Climate change is already affecting the residents, economies and environments of all regions of the world through higher temperatures, sea-level rise, more frequent heavy precipitation events, more intense storms, more severe droughts, melting glaciers, changes to river flows, more evaporation, permafrost degradation, less sea and lake ice, and more heat waves. These impacts, mostly adverse, are expected to continue and intensify in the future.
The impacts of climate change and the adaptation measures that other countries take to respond to them can affect Canada in a number of ways. The effects on Canada arise from impacts that occur elsewhere in North America, the surrounding oceans or globally.
NORTH AMERICAN ISSUES
- An increase in health problems and mortality is associated with ozone precursors and small-particle emissions, with extensive transborder effects. Although longer and more intense heat waves are likely to result in the intensification of smog episodes, further reductions of these emissions in both the United States and Canada would help reduce health risks.
- Declining flows in many southern Canadian rivers are resulting in increased problems over sharing and quality of water along the Canada -United States border, including the Great Lakes.
- Growing air conditioning loads, and probable reduced hydroelectric supply in the United States and some regions of Canada, are changing transborder transfers of electrical energy.
- With increasing drought projected for the southwestern United States and Mexico, growing demands for export of Canadian water can be anticipated.
OCEAN AND COASTAL ZONE ISSUES
- Warming of the Arctic will result in reduced sea ice and increased marine traffic and development activity in Canadian Arctic waters, likely increasing the resources needed for continued protection of Canada's safety, security, and environmental and Inuit interests in the Arctic.
- Rising sea levels, increased storminess and reduced ice cover regimes increase shoreline erosion and require adjustments to road locations, port facilities, navigation systems, vessels and search-and-rescue capability on the Atlantic, Pacific and Arctic coasts.
- Impacts on fish distributions and foreign fishing patterns are poorly understood but potentially of major significance to Canadian fishing communities, thereby representing a key knowledge gap.
- Diseases currently prevalent in warmer climates will become increasingly greater threats in Canada as a result of greater incidence of disease and vectors in countries that are involved in trade and travel with Canada.
- Increased transmission of persistent toxics and pollutants to northern Canada will occur as more chemicals are volatilized from warming lakes in Eurasia and North America, thereby affecting the health of northern residents and ecosystems.
- Increased international assistance to developing countries will be needed for safe water supplies and food handling, in order to reduce deaths and illness due to diarrhea and other diseases.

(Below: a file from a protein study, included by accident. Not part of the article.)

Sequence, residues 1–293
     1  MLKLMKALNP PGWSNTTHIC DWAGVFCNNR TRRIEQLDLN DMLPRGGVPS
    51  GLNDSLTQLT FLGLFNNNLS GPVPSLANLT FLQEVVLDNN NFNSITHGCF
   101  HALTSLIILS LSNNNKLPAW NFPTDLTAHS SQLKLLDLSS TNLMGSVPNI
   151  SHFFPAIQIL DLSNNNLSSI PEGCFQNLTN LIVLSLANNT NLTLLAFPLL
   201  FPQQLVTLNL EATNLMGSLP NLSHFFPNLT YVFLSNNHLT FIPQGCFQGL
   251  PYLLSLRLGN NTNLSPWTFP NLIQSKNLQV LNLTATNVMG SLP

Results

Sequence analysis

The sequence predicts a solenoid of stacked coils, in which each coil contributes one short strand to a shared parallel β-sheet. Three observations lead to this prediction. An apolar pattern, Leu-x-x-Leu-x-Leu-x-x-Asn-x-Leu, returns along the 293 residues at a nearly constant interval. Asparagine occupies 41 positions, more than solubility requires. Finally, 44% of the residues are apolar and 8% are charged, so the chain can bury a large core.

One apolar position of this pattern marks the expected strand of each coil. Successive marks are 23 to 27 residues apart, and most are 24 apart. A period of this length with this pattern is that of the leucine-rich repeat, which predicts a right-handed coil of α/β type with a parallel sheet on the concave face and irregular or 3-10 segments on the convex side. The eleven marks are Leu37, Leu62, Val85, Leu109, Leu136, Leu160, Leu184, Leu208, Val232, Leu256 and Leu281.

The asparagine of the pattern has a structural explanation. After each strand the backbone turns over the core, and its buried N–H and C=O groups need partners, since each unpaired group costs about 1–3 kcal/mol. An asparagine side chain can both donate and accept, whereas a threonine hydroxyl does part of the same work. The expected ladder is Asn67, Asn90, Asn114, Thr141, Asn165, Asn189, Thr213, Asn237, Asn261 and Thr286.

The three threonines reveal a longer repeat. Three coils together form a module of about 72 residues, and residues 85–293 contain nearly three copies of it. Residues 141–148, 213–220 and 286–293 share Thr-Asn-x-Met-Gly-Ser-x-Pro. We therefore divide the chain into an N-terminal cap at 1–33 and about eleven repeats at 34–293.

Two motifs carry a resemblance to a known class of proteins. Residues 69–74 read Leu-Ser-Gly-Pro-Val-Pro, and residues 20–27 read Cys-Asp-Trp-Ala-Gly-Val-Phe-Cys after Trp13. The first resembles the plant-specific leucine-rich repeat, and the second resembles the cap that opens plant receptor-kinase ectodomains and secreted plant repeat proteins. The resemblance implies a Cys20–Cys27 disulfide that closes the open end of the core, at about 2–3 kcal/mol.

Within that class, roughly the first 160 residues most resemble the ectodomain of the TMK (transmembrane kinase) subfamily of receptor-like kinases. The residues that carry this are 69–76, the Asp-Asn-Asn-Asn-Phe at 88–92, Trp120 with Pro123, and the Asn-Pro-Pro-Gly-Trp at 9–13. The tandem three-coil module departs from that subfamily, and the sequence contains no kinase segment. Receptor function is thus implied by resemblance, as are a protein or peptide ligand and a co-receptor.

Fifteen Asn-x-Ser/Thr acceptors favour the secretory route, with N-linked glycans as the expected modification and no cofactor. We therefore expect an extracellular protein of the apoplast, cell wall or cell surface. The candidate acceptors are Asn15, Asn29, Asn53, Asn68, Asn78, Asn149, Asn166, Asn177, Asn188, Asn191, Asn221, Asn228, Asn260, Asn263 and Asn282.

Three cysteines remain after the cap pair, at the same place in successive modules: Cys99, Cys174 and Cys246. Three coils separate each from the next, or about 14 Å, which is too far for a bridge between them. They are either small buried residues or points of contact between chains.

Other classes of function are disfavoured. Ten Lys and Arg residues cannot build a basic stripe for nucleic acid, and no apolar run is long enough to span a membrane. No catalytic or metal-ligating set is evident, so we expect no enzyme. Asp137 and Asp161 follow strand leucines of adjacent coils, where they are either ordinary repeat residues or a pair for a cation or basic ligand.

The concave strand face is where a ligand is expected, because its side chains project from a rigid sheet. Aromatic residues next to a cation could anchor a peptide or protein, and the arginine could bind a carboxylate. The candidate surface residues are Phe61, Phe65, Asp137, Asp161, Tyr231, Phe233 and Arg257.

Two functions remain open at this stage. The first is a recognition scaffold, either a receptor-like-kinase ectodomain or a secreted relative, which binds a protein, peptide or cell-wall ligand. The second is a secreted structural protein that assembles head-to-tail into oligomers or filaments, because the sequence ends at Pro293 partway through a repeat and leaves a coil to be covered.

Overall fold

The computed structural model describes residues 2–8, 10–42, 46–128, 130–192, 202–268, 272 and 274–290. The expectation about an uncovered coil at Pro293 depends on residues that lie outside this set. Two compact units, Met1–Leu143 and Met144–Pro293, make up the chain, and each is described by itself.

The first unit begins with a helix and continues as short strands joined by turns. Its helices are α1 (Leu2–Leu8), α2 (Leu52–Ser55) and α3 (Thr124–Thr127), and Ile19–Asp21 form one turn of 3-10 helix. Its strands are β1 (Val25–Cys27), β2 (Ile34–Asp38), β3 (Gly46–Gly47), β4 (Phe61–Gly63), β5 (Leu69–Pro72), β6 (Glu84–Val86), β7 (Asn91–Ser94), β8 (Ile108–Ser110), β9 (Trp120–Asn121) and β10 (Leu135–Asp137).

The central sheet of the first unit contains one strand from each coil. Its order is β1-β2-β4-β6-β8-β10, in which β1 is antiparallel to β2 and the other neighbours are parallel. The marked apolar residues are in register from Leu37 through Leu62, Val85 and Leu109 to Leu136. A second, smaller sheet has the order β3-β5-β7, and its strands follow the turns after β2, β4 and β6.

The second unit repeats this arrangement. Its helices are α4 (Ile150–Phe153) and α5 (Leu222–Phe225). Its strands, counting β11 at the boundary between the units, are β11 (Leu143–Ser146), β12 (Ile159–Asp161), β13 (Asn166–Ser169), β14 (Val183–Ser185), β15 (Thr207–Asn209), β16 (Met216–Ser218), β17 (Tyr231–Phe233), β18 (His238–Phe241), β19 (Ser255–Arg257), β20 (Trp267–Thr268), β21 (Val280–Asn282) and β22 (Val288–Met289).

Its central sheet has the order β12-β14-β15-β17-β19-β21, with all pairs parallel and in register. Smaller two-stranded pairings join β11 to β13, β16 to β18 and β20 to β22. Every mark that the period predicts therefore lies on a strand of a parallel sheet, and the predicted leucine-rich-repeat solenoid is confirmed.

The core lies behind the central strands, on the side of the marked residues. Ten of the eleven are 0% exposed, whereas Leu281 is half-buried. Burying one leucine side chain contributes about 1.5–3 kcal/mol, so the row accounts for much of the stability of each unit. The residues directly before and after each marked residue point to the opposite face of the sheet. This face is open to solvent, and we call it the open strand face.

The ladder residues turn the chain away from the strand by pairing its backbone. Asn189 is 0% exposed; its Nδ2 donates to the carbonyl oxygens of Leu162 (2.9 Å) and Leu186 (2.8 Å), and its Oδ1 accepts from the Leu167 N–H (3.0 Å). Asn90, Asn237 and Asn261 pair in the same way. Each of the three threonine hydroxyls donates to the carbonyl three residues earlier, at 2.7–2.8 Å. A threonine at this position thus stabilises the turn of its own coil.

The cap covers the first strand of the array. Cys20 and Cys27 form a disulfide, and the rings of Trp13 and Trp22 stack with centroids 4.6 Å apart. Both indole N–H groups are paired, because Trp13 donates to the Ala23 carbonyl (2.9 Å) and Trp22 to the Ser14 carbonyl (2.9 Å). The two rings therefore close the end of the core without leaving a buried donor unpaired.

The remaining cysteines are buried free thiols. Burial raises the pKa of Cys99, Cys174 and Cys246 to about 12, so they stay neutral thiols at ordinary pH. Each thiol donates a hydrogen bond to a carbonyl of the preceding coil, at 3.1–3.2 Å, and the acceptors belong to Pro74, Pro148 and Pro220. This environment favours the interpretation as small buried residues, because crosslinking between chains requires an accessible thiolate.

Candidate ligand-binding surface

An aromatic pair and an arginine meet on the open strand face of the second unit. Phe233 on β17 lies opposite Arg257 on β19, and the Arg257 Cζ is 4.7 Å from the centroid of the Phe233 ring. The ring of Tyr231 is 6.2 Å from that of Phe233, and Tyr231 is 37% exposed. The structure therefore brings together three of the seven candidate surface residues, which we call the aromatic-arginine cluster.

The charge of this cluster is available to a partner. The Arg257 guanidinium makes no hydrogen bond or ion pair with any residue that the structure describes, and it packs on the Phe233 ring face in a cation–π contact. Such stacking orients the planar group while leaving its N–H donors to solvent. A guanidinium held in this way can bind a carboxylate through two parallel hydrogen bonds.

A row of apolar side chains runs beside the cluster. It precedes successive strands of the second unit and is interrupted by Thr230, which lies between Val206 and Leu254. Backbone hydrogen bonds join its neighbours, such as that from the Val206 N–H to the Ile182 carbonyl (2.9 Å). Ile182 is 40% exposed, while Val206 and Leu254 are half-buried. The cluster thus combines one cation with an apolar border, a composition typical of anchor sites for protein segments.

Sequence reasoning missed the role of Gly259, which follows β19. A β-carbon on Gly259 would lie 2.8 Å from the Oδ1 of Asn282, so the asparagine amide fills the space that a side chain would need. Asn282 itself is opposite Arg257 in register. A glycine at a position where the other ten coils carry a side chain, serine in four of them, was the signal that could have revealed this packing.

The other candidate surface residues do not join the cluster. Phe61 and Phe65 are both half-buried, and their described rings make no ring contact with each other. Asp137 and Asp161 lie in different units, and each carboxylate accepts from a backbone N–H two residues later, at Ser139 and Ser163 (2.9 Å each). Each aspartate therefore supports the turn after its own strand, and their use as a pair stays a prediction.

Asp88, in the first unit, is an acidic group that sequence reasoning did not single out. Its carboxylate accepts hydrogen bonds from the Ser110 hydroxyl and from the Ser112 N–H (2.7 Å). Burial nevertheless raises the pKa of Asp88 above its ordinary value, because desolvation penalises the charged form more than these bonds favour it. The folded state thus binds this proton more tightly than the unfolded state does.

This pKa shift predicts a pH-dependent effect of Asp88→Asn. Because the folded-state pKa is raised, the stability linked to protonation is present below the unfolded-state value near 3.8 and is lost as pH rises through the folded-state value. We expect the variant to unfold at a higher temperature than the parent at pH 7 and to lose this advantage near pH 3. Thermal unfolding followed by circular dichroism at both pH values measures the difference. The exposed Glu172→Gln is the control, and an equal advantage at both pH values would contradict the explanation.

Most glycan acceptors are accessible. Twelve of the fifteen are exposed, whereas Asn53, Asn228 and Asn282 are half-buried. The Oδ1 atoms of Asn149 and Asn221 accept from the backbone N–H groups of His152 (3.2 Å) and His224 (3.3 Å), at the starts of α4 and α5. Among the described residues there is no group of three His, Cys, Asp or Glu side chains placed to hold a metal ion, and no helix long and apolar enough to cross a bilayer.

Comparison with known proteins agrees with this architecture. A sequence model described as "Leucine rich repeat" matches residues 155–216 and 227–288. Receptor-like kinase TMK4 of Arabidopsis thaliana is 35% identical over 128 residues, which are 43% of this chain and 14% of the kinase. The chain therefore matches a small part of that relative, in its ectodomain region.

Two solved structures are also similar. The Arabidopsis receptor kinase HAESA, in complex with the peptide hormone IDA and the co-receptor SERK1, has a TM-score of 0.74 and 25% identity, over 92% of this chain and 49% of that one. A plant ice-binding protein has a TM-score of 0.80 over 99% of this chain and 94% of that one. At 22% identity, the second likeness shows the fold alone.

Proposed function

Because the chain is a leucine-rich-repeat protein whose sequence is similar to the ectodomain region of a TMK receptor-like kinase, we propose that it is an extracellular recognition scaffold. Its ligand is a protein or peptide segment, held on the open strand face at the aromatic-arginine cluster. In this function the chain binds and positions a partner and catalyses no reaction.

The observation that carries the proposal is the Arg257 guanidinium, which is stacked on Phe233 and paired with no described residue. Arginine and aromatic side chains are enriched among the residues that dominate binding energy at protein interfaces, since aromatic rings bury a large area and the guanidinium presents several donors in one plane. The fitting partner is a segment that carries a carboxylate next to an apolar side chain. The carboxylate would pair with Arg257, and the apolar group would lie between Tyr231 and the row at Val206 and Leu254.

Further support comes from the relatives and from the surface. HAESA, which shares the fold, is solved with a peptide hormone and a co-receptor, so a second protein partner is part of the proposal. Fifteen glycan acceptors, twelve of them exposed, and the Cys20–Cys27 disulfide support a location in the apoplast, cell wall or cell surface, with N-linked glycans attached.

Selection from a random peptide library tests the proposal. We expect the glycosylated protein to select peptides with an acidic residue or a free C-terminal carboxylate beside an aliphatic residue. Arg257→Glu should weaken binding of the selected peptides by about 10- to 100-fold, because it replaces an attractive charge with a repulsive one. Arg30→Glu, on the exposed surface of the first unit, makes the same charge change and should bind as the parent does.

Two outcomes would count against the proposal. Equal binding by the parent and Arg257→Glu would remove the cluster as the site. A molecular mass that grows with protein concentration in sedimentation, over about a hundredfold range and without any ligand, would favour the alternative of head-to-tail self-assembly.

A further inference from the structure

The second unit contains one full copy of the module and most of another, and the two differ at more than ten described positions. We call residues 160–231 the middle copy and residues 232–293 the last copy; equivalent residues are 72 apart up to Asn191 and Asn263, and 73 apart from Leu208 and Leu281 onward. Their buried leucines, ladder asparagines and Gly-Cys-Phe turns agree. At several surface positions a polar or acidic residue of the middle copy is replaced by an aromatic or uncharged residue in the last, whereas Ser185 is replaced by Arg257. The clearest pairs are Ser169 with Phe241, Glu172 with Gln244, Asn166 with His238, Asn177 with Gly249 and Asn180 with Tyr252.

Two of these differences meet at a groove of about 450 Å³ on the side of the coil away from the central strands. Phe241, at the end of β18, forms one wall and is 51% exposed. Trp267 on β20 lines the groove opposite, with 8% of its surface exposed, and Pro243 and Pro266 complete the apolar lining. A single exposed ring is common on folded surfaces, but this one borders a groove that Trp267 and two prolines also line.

- Many people will be forced to relocate internally within countries and internationally due to sea-level rise and growing water and food shortages in many countries, with implications for Canadian policies and activities related to aid, peace-keeping and immigration.
- Weather-related disasters, including drought, are projected to continue to increase in frequency and severity worldwide, resulting in increasing need for disaster relief and assistance from Canada, and losses for those Canadians with business and property abroad.
- In the longer term, prospects are for greater warm-season tourism in Canada. Significant adaptation by winter tourism facilities will be needed for them to remain viable.
- Less travel by Canadians to warm destinations is projected because of longer warm seasons at home. Canadian Trade
- Increased global forest productivity could contribute to lower prices for Canadian wood products if fire and insect infestation effects abroad are minimized.
- Canadian exports of grains and corn could find greater markets, and imports of fruits and vegetables could be reduced.
Canada is in a position to - and has an obligation to - assist developing countries to adapt to climate change. Canada, together with other developed countries, has committed to reduce greenhouse gas emissions, assist developing countries with adaptation to the adverse impacts of climate change, and assist transfer of environmentally sound technology and know-how. Canada's participation in international programs in natural and social sciences related to climate change contributes to international understanding and to Canadian science assessments. The knowledge gained by Canadian experts through this participation also benefits the development of domestic policies and programs.
Understanding these international issues contributes to development of Canada's foreign policy, stimulates and protects international trade, and protects Canadian resources, environment and health. The potentially significant effects and requirements need to be taken into account by all orders of government and by many businesses. Little research has been undertaken on these issues from a Canadian perspective, although studies elsewhere, including those cited here, have important implications for Canada.
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